Millennium Episode Review of TEOTWAWKI by ZeusFaber
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It was last viewed on Saturday, February 24, 2024, 3:10 PM (UTC).
After a fatal shooting during a high school basketball game Frank Black, Emma Hollis, and Special Agent Barry Baldwin travel to Seattle to become involved in an investigation that will soon lead to a survivalist group supported by a high-brow computer corporation. It soon becomes evident that this group is so frightened of the predicted Y2K computer meltdown that they're stockpiling food and weapons in preparation for their own Armageddon and willing to kill anyone, including their own children, in order to ensure their own survival.
Written by Chris Carter & Frank Spotnitz
Directed by Thomas J. Wright
Edited by Peter B. Ellis
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This episode of Millennium did not receive any Nominations or Awards.
Back to basics. Very refreshing to finally get an episode that strips things back to what the show really set out to be, bringing in a sense of millennial anxiety in an original and grounded manner. The opening high-school shooting which kick-starts the plot is both topical and harrowing, and the aftermath is treated with an appropriate delicacy while we get to see the contrast between the delicious arrogance of Baldwin and the straight-talking of old favourite Giebelhouse. Meanwhile, Emma shows herself to be head and shoulders above both in her quiet and considered approach that is not all too dissimilar to Frank himself.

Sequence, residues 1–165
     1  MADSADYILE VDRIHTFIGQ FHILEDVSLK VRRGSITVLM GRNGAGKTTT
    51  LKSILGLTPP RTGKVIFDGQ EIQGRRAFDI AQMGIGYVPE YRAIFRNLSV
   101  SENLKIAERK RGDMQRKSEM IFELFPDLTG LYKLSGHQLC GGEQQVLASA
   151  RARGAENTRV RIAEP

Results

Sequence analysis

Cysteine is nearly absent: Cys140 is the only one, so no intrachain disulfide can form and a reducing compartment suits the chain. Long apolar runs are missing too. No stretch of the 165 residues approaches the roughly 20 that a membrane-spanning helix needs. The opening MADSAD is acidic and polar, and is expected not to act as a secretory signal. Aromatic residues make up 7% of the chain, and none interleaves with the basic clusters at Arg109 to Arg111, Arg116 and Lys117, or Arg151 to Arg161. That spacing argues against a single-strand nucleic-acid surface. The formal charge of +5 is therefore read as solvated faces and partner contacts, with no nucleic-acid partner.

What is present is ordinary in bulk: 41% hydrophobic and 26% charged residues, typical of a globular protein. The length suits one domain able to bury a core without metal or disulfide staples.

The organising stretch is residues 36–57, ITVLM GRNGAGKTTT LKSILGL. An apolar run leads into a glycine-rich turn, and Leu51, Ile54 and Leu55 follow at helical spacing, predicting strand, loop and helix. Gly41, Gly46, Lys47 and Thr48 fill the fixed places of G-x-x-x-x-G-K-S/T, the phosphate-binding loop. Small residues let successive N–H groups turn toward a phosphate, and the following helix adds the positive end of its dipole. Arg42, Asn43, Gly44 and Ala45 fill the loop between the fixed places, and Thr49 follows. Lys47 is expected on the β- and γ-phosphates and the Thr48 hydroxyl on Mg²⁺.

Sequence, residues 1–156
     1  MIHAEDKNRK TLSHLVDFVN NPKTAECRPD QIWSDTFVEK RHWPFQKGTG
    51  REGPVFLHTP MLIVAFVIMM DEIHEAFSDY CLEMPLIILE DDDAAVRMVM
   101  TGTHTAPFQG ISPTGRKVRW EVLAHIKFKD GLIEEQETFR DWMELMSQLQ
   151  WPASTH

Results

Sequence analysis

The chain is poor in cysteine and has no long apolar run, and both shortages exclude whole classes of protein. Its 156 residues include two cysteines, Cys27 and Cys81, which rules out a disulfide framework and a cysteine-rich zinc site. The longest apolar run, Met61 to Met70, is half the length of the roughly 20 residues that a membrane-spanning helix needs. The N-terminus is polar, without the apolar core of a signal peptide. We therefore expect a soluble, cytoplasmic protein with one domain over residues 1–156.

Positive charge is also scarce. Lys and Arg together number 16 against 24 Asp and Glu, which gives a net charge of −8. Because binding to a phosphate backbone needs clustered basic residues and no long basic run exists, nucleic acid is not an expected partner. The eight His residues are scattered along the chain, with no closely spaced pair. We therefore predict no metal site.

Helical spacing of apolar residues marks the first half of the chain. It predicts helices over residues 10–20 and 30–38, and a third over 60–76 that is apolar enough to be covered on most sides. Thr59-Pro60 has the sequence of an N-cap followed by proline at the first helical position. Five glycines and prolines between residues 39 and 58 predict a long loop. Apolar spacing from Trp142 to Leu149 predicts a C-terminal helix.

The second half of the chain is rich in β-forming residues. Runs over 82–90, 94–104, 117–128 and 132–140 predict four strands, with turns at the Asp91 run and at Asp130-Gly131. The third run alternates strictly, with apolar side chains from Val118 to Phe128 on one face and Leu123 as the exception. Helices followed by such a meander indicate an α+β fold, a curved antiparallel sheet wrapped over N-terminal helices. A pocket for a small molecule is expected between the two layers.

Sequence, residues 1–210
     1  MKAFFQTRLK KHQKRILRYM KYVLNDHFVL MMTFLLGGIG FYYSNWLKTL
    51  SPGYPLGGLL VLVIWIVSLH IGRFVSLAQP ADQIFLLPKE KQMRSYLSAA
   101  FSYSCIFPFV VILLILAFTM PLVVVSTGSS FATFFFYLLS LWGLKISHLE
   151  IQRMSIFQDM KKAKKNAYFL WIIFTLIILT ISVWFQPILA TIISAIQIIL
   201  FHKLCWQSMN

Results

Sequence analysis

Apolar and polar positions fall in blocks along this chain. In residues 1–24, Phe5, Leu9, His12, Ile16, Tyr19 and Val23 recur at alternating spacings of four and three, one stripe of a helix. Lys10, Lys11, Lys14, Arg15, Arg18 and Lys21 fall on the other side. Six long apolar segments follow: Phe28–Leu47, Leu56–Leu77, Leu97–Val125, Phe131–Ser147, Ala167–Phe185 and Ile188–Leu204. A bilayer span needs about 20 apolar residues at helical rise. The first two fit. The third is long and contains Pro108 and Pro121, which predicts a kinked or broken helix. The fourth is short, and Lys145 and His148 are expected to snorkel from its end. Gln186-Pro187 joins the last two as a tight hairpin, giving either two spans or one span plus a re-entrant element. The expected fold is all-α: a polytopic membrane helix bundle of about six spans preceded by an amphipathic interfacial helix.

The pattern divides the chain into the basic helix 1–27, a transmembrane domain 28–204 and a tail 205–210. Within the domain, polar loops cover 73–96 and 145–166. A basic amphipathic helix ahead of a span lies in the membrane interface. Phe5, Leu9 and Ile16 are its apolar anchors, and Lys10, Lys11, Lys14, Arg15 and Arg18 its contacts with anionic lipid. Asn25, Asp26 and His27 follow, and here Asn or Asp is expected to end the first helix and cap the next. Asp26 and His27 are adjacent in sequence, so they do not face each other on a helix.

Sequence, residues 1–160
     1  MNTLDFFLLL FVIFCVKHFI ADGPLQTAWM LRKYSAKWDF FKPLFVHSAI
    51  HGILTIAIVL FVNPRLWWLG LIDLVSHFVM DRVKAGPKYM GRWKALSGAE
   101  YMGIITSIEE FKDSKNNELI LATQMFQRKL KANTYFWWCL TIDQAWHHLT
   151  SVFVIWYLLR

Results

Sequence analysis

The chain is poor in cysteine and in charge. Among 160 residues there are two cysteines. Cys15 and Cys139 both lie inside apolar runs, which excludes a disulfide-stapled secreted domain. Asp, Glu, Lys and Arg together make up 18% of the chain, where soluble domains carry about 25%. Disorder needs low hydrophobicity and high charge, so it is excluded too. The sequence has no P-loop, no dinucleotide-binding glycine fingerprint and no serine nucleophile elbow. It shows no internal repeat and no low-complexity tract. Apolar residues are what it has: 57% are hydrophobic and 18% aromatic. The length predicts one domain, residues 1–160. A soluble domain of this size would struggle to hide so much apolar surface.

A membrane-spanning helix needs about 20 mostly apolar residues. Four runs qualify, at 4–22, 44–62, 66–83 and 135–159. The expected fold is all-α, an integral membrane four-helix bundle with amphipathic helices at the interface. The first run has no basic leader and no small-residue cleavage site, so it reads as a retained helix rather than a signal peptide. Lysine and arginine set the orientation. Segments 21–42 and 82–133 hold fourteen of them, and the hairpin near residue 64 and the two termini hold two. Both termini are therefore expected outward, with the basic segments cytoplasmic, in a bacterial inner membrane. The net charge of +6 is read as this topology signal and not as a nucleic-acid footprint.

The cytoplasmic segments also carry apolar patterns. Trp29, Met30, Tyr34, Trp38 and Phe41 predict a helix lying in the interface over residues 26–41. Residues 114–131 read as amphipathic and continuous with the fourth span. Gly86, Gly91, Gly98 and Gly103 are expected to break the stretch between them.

Millennium Bug concerns may seem quaint in hindsight, but the story manages to successfully create a genuine sense of dread regardless with the survivalist group and the impact of their hysteria on their children, while the addition of the Book of Hours provides an added layer of historical interest. The comment on gun culture is also nicely played, not overstated in any preachy dialogue, just something that is there as a constant image. Frank's distaste at having to be certified to use a weapon by the FBI is a great touch, as we see how he is loathe to carry a gun let alone use it, which ultimately he doesn't (much more in character than his trigger-happy moments in the likes of “Owls” and “Roosters”).
Having said that, the episode is solid rather than remarkable, but to it's credit it benefits from repeat viewings and is exactly what the series needed at this point ‐ a workmanlike but down-to-Earth episode with its feet on the ground. Just the tonic after the outlandish, psychedelic fairytales of the previous season.